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Diet Conditioning and Precautions

Conditioning to a predictable food

Kibble generally consists primarily of carbohydrates from grain. More than half of the weight is carbohydrates, if not 70% or more. But grain is not even on the menu of a natural diet….

Carbohydrates can only be digested in the dog’s stomach by enzymes that only function well at pH levels that are close to neutral (pH 6-7) – and thus very far from the very strong acidity (pH 1-2) required by the enzymes that digest raw meat.

When a dog has been “programmed” to expect a meal of mainly carbohydrates at, say 8 PM, then the pancreas will produce lots of those enzymes that can do the job of digesting the expected carbohydrates, and the stomach will adjust the pH level to around 6. All of this happening shortly before 8 PM every day….

But if you now instead shock the entire system by feeding raw meat instead of the expected carbohydrates, the dog cannot do anything with that great food – everything is programmed now to digest carbohydrates. The enzymes produced by the pancreas and other glands are the wrong ones for this food, and the pH level in the stomach is wrong. The only defence the dog has is to vomit everything and thus eliminate the problem. The culprit is not the food, but the past feeding schedule and biologically inadequate food source.

Precautions when planning a shift to a natural diet.

Before you pull the dog through this kind of trauma, you should first erase those conditional reflexes the dog has created in response to your unnatural, regular, and predictable feeding.

It is simple. You just start varying the times you feed the “old” food. Shift the times by feeding an hour early for a few days. Then two hours early on some days, one hour early on other days, even back to the previous time once in a while – but never the same time two days in a row! In a couple of weeks, you go earlier and earlier – and, at the same time, make the time less and less predictable. If the dog wants to skip a meal, you just let it. Your goal is to feed the dog a maximum of 6 meals per week, at times it has no way of predicting.

In the beginning of this transition, you should avoid feeding later than the predicted time – because that would cause the dog to experience problems when you don’t feed on the expected time…. If the stomach is already full when “feeding time” comes up, there will be no problem.

It does not take a lot to erase a conditional reflex like the production of stomach juices on predictable times. If it took you, say, 100 repetitions to establish the conditional reflex, it will only take 2-5 times “breaking the rule” to make it dysfunctional again. So, even if you have had your dog “programmed” over several years, it will not take more than a few days, maximum a week or two, to erase the old harmful conditioning.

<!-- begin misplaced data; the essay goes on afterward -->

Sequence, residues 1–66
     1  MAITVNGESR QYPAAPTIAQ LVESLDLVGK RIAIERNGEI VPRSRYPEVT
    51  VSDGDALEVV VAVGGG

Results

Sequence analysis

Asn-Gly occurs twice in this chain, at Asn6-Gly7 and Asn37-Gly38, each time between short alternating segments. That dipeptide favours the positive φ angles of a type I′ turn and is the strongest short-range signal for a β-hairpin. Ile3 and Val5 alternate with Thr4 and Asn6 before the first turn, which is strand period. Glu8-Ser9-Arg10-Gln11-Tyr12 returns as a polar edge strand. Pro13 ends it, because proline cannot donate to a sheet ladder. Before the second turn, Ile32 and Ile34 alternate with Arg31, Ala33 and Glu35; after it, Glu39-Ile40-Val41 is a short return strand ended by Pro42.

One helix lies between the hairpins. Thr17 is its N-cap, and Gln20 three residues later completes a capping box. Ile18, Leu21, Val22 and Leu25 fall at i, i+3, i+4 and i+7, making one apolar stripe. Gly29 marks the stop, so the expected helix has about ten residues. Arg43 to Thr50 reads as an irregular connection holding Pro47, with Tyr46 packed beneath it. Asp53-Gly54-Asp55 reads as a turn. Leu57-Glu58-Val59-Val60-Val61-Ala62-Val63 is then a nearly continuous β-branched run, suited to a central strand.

Once you erased the conditional reflex of the dog’s system preparing for a predictable meal, you will no longer experience problems when you shift the diet to a more healthy raw, natural diet. The dog will then no longer produce any enzymes for the expected digestion until the stomach has realized what kind of food it needs to digest – and it will no longer make wrong guesses. Although you might see the dog salivate when exposed to the smell of some delicious food, its stomach should not start producing any production of enzymes for digestion until the food mechanically has passed the esophagus – and if you keep a non-predictable feeding schedule, it will stay that way.

The biggest benefit you get will be that the dog will increase its ability to handle the digestion of all kinds of natural food. By not allowing the stomach to “jump the gun” on starting the digestion process before the food actually is available for it, it remains flexible in regards to making the digestion fit the food. And that way, you keep your dog in much better health.

* Mogens Eliasen ~ holds a Ph.D. level degree in Chemistry from Århus University, Denmark and has 30+ years of experience working with dogs, dog owners, dog trainers, and holistic veterinarians as a coach, lecturer, and education system developer.

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